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Gerald FINZI (1901-1956)
Cello Concerto, Op. 40 (1951-1955) [37:31]
Eclogue, Op.10 (late 1920s, rev. 1952)
Nocturne (New Year Music), Op.7 (1926 rev. 1940s, 1950) [10:03]
Grand Fantasia and Toccata, Op.38 (1928, rev. 1947, 1953) [13:28]
Paul Watkins (cello)
Louis Lortie (piano),
BBC Symphony Orchestra/Sir Andrew Davis
rec. 2018, Watford Colosseum
CHANDOS SACD CHSA5214 [70:40]

The opening bars tell the story. Sir Andrew Davis drives the BBC Symphony into the orchestral introduction with trenchant power; brass baleful, percussion prominent in the opening paragraphs, a sense of brooding intensity instantly established. Thus is Finzi’s Cello Concerto launched with convincing intensity. In his turn Paul Watkins plays with equal commitment and trenchancy though he finds a flexible lyricism to introduce the first notes of warmth. He’s very secure at the top of the register, maintaining tone and intonation fearlessly. In fact, fearlessness is a watchword for this performance as a whole, whether in the first movement cadenza or Davis’s astute ear for balance. And when the baleful writing returns at the end of the first movement, one knows, without doubt, that one been through a strong ceaseless narrative.

Watkins and Davis don’t take the beautiful slow movement too slowly. They avoid the suggestion that its lyricism is in any way threnodic; rather, it’s taken at a forward-looking tempo faster even than Tim Hugh’s with Howard Griffith on Naxos; and Hugh was himself a lot faster than Wallfisch and Handley on Chandos’ earlier recording of the concerto. Both Hugh and especially Watkins are two minutes faster in this movement than the premiere commercial recording, by Yo-Yo Ma and Handley, beautiful though their recording was, and is. But what is especially admirable about this latest recording is the attention to detail: the orchestral counter-themes, the lines for trumpet and for flute, for example, amid a number of other examples. So, too, in the finale, rightly given a buoyant, almost jubilant mien and taken at a tempo that recalls Hugh’s recording, though in more detailed and richer sound.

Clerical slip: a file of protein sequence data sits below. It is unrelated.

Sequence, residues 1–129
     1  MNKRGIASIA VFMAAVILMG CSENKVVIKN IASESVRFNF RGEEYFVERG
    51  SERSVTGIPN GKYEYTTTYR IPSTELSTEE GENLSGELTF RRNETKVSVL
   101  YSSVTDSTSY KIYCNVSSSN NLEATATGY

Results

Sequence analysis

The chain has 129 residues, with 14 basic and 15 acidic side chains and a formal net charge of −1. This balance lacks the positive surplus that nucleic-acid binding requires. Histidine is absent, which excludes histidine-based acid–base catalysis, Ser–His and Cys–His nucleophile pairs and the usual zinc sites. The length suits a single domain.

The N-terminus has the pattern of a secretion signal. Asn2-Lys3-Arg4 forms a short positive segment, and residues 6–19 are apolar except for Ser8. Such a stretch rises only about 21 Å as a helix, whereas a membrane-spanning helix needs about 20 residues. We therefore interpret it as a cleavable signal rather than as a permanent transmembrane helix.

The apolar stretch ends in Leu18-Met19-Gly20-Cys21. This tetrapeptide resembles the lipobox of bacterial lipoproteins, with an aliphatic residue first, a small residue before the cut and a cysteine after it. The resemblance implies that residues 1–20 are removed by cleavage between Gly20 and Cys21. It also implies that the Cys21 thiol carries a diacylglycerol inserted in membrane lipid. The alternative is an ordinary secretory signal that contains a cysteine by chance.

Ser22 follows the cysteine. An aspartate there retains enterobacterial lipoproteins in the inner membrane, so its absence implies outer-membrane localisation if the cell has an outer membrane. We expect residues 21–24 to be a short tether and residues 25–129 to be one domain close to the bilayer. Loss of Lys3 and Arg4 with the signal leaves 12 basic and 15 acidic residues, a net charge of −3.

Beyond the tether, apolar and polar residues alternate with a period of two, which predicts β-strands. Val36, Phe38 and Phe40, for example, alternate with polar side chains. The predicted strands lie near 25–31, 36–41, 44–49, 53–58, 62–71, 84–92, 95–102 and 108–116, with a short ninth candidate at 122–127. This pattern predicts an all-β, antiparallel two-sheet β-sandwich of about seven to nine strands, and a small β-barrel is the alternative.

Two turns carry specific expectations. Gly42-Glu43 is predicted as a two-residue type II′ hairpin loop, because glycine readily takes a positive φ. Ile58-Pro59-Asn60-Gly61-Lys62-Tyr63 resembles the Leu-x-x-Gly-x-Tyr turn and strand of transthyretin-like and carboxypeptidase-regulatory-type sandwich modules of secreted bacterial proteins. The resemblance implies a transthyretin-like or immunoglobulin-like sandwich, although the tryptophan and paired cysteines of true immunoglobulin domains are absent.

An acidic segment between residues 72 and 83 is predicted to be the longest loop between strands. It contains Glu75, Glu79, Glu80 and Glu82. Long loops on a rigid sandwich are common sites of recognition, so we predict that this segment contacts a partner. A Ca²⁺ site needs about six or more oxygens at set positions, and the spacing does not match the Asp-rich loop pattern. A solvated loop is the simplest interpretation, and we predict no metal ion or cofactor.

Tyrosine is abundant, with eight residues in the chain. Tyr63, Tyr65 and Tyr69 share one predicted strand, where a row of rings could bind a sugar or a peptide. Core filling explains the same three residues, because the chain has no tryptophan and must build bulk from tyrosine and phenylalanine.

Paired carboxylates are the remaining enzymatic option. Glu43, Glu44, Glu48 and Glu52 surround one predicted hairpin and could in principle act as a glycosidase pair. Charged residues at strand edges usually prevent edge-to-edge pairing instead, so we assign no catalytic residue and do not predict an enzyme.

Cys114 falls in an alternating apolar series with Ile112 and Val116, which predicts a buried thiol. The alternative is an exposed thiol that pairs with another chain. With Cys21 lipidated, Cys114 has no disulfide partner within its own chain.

This is a reading of candour and expressive depth and a highly distinguished performance.

Louis Lortie is the other soloist and he achieves the required semplice in the Eclogue through avoidance of rubato, instead concentrating on a firm line. This unwillingness to inflate the work beyond its natural limits is admirable but can come at the cost of a want of delicacy and introspective beauty. This, at least, is the way Peter Katin plays it with Handley and they are noticeably slower, more limpid, and romanticised, if you will. Katin’s verticality of sound and colour is invariably deeply moving and I’m afraid I can’t pretend that Lortie offers a comparable experience for me. The bipartite Grand Fantasia and Toccata, the first dating from 1928, but subsequently revised, and the Fantasia from 1953, and stitched together, is a much more self-consciously extrovert affair and has the advantage of Lortie’s dextrous playing and Davis’s canny orchestral moulding.

The final work belongs to the orchestra, the Nocturne, subtitled New Year Music. The work itself is known from Boult’s Lyrita recording and from Neville Marriner’s with the ASMF but Davis captures its sense of loving ambivalence, from the opening’s walking basses onwards to the noble central panel that swells up exultantly.

The SACD recording captures a considerable dynamic range and the major work, in particular, emerges all the more powerfully as a result.

Jonathan Woolf



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